Tourists praise warning system, precautions
WAIKĪKĪ — O'ahu's tourism mecca slowly returned to normal yesterday after businesses were shuttered all morning and tourists were confined to their hotel rooms.
Many were not worried about the threat of a tsunami, and many praised the state's warning system that included blaring sirens that sounded even before the sun had risen.
"I'm not worried at all," Bill Surina, a visitor from Indianapolis , said when the threat of a tsunami still loomed large. "I've gotten so many text messages for 35-45 minutes from people on the Mainland wondering if I'm OK. We should all be safe."
Waikīkī hotels evacuated lower floors by moving guests to vacant rooms and some to other hotels away from the beach before the 11:05 evacuation order was issued by state Civil Defense. Guests of the Moana Surfrider cleared its lobby and restaurants even before the tsunami was supposed to hit.
After the threat of the tsunami was past, Sharon Reams, an Oregon visitor, went for a walk on the beach to check it out. She wasn't unhappy with the state's procedures or that Waikīkī was practically shut down.
"It was great," Reams said. "I'm glad they put things into action and nothing happened. That was perfect.
"I'm not disappointed at all."
State tourism liaison Marsha Wienert credited early coordination with a smooth emergency response throughout Waikīkī and other resort areas throughout the Islands.
"We activated very early," Wienert said, with the first calls going out at 1:30 a.m. and people in place by 3:30 a.m. She said representatives of the island visitor bureaus worked together at emergency operating centers on all islands.
The state's No. 1 industry also had learned from earlier emergencies that it works better to encourage people in low-rise buildings to go to higher ground and those in high-rises to go above the third floor in what they describe as a "vertical evacuation."
That's better than telling everyone to leave the properties all at once, which in the past caused people to jump into cars and create sudden gridlock.
"Each property has its own internal crisis emergency plan," Wienert said, and those ran smoothly.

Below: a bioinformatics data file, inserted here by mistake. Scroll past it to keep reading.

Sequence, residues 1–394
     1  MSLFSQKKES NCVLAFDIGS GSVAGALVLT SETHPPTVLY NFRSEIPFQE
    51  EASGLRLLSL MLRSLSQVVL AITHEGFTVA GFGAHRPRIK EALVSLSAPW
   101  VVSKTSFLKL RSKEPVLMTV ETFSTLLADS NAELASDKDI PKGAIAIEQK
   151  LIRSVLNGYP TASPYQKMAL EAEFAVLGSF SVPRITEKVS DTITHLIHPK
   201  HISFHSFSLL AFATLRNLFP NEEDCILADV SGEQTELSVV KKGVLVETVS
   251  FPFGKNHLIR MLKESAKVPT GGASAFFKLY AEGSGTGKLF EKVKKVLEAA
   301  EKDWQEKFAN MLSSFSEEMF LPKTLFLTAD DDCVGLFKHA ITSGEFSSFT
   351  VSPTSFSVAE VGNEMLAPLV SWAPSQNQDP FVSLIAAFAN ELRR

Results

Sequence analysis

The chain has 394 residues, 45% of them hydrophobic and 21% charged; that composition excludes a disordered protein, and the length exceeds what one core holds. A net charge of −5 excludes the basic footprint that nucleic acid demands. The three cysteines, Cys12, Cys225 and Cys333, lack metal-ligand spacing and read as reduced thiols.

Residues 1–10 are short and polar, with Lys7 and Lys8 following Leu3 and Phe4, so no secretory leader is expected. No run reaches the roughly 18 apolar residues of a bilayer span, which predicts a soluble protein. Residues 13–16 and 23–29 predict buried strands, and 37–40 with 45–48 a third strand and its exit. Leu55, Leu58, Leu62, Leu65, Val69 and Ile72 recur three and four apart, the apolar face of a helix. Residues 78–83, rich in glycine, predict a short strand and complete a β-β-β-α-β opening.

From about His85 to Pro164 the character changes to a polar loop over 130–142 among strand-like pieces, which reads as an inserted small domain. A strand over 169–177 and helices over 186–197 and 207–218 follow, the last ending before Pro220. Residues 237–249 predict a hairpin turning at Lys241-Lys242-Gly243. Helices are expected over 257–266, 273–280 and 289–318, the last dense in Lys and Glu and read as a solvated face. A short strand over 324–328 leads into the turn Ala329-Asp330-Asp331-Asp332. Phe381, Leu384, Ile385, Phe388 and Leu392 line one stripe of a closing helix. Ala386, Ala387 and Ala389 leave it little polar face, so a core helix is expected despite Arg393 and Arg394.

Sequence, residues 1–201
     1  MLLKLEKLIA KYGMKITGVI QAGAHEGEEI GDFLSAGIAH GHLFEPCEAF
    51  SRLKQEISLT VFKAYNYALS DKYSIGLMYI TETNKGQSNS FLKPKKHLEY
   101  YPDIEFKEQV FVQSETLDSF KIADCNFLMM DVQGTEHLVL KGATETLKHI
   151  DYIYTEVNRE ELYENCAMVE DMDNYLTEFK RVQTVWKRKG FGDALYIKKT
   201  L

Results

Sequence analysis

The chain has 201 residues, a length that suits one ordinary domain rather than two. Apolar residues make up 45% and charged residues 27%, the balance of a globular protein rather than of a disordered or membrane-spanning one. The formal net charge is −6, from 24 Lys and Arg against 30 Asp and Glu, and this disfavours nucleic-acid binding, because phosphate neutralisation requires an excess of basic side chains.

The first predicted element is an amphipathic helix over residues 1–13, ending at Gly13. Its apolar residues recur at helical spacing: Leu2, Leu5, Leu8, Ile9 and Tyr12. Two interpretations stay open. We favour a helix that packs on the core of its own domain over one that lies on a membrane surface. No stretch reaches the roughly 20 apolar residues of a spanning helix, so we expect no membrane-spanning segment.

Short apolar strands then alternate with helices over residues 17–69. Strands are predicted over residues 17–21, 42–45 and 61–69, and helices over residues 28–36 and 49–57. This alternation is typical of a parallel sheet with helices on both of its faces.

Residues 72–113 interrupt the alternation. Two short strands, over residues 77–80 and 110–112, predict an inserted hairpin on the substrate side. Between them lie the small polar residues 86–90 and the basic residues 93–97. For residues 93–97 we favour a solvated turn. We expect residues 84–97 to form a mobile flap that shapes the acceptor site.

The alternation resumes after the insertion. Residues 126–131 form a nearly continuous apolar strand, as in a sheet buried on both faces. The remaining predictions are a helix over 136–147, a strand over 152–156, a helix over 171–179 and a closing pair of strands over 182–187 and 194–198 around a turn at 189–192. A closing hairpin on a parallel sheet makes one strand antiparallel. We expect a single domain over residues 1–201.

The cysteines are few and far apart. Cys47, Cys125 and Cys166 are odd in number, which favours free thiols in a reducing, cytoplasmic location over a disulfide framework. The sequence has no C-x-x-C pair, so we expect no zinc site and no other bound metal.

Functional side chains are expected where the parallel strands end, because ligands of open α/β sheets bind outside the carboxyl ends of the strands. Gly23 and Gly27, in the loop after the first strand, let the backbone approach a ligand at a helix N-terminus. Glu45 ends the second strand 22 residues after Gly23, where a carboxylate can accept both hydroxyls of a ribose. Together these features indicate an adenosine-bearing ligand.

Well before yesterday's tsunami alert was sounded, Hawai'i's tourism industry had planned for this type of situation. Wienert said officials and private industry improved the response after experience with previous blackouts and other emergencies.
At the Sheraton hotels, Roy Helepololei, director of security, had whiteboards with updated information about the tsunami placed on each floor. The hotel also made announcements in both English and Japanese over its public address system.
"We started calling in (employees) at 1 a.m.," Helepololei said. "We have a plan already in place, and we're doing a vertical evacuation to higher floors."
Meanwhile, firefighters and police cars with public-address equipment broadcast warnings throughout the morning, advising people to stay in their homes or hotels, and to stay off the beaches.
Kalākaua Avenue was empty of traffic all morning. Tourists took pictures of themselves standing in the street.
Police and lifeguards cleared the beach and Hubert Chang, owner of the Hawaiian Ocean Waikiki surf concession, filled three flatbed trucks with surfboards and carted away two outrigger canoes in preparation for the tsunami.
"I'm taking the warning seriously," Chang said. "They're predicting it for sure, but I don't know how bad it will be."
Despite the warnings, surfers continued to go in the water, too tempted by the unusual south swell.
"The waves were unbelievable," said Roxanne Laakea Young, a Makiki resident who went surfing early yesterday morning. "No one was out there. It was good, but weird because there usually are 100 people out there at 7 a.m., but today there were just a couple."
Honolulu police Maj. Greg Lefcourt was confident yesterday morning that his officers had things pretty much under control. At 5 a.m., city buses went to Kapi'olani Park to haul homeless people to a shelter just in case the tsunami hit.
"People have the word that this isn't the place to be right now," Lefcourt said.
Ros Chimes, a visitor from Britain, sat beachside in front of the Moana Surfrider yesterday. A guest of the hotel, Chimes was waiting for the word about returning to the hotel or being evacuated.
At about 10 a.m., most guests at the Moana were ordered across the street to the Princess Kaiulani Hotel. She said the mood was like a party.
"The biggest panic was trying to find coffee this morning," Chimes said.